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Okta confirms another breach after hackers stole source code • InNewCL

Okta confirms another breach after hackers stole source code • InNewCL

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Okta has confirmed that it is responding to another major security incident after a hacker accessed its source code after breaching its GitHub repositories.

The identity and authentication giant said in a statement on Wednesday that it was notified by GitHub earlier this month of “suspicious access” to its code repositories. Okta has since concluded that hackers used this malicious access to copy code repositories connected to Workforce Identity Cloud (WIC), the company’s enterprise-grade security solution.

“As soon as Okta became aware of the possible suspicious access, we immediately temporarily restricted access to Okta GitHub repositories and suspended all GitHub integrations with third-party applications,” Okta said in a statement.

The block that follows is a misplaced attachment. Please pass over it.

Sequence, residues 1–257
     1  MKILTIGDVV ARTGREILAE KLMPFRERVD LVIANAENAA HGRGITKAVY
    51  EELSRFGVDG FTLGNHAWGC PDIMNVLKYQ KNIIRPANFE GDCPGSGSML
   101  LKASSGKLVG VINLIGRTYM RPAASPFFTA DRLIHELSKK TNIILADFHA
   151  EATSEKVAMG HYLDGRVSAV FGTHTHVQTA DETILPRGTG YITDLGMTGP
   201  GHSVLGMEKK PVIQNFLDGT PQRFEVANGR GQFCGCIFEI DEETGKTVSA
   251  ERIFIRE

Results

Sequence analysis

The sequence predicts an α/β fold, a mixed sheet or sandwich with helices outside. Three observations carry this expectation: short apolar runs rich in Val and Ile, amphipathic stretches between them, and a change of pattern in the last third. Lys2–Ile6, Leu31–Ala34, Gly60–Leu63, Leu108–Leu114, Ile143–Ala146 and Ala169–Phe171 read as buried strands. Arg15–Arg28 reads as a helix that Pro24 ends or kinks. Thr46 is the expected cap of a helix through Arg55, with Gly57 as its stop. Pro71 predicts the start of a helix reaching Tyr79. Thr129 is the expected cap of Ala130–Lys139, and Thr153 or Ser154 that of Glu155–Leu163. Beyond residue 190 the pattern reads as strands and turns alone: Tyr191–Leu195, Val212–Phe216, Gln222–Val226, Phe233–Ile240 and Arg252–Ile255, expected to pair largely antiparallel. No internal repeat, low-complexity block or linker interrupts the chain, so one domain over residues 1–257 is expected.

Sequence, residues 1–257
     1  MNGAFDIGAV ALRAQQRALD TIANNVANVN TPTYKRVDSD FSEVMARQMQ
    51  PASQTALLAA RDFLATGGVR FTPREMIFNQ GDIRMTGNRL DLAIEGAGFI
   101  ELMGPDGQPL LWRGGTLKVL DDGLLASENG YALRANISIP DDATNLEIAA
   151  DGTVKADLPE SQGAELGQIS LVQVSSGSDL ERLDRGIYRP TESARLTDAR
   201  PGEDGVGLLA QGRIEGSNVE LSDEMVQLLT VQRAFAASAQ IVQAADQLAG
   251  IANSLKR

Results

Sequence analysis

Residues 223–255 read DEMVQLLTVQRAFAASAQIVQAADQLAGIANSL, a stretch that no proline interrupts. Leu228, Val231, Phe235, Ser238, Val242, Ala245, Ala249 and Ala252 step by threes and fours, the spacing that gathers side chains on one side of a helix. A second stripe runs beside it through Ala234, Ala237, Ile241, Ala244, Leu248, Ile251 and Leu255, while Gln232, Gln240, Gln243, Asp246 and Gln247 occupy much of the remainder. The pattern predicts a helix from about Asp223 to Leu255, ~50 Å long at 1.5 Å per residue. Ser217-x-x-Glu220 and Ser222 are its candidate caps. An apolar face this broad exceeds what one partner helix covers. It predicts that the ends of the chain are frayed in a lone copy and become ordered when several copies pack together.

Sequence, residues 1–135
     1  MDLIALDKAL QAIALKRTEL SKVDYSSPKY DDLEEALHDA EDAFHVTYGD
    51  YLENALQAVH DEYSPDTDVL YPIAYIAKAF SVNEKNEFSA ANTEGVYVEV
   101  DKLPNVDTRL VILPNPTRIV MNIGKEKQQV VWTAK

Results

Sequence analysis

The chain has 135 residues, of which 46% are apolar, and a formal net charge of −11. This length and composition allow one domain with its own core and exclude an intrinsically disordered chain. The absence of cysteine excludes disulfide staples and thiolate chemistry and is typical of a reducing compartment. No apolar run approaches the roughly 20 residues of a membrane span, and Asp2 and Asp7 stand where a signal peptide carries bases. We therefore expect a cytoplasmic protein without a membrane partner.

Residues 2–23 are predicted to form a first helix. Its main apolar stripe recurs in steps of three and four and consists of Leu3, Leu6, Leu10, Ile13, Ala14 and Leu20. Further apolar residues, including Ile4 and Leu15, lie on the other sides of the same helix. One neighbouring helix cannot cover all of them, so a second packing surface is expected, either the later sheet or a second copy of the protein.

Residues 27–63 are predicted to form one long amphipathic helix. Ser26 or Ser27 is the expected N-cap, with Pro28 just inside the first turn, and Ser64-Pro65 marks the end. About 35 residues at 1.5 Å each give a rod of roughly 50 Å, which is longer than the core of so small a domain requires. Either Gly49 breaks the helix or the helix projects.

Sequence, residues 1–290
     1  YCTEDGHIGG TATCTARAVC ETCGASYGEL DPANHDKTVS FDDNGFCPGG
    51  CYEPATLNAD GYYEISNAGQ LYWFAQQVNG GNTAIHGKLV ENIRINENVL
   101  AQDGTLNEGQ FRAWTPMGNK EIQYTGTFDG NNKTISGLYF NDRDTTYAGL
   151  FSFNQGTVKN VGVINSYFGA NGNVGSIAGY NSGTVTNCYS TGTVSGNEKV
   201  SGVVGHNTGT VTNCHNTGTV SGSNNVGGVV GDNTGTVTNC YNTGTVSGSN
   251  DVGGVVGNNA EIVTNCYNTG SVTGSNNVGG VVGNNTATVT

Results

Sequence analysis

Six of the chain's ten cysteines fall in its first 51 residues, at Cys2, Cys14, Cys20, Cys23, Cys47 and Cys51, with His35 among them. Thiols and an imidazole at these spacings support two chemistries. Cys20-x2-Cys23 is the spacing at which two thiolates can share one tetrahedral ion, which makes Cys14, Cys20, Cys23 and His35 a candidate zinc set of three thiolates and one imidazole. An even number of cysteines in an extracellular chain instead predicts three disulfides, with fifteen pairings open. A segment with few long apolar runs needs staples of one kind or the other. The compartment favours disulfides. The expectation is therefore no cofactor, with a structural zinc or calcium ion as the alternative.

When asked by InNewCL, Okta declined to say how attackers managed to gain access to its private repositories.

According to Okta, there was no unauthorized access to the Okta service or customer data, and products related to Auth0 — which was acquired in 2021 — are not affected. “Okta does not rely on the confidentiality of its source code for the security of its services. The Okta service remains fully operational and secure,” said Okta.

The company said that since it was made aware of the breach, it has reviewed recent access to Okta software repositories, reviewed all recent commits to Okta software repositories, and rotated GitHub credentials. Okta said it also notified law enforcement.

Okta did not specifically say whether it has the technical means, such as logs, to determine which of its own systems have been accessed or what other data may have been exfiltrated.

The company’s latest incident was first reported by Bleeping Computer earlier this week, ahead of Okta’s announcement.

Earlier this year, Okta was targeted by the now infamous Lapsus$ ransomware group, which gained access to an account manager at Sykes, one of Okta’s third-party vendors, and released screenshots of Okta’s apps and systems. Okta experienced a second breach this August after being targeted by another hacking campaign that breached more than 100 organizations including Twilio and DoorDash.

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